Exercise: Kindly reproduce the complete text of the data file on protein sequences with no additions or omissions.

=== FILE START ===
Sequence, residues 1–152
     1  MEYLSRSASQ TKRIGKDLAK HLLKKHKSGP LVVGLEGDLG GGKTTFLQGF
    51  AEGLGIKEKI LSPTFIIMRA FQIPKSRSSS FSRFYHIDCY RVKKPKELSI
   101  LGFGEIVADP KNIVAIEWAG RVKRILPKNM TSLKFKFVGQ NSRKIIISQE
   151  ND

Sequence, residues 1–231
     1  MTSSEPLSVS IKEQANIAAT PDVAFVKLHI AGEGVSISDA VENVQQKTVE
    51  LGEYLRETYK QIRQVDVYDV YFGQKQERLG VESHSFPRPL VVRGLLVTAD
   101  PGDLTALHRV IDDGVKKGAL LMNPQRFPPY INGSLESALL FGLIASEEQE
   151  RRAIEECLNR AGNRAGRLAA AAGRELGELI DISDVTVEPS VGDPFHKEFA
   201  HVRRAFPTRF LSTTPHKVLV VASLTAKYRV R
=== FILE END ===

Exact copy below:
Sequence, residues 1–152
     1  MEYLSRSASQ TKRIGKDLAK HLLKKHKSGP LVVGLEGDLG GGKTTFLQGF
    51  AEGLGIKEKI LSPTFIIMRA FQIPKSRSSS FSRFYHIDCY RVKKPKELSI
   101  LGFGEIVADP KNIVAIEWAG RVKRILPKNM TSLKFKFVGQ NSRKIIISQE
   151  ND

Sequence, residues 1–231
     1  MTSSEPLSVS IKEQANIAAT PDVAFVKLHI AGEGVSISDA VENVQQKTVE
    51  LGEYLRETYK QIRQVDVYDV YFGQKQERLG VESHSFPRPL VVRGLLVTAD
   101  PGDLTALHRV IDDGVKKGAL LMNPQRFPPY INGSLESALL FGLIASEEQE
   151  RRAIEECLNR AGNRAGRLAA AAGRELGELI DISDVTVEPS VGDPFHKEFA
   201  HVRRAFPTRF LSTTPHKVLV VASLTAKYRV R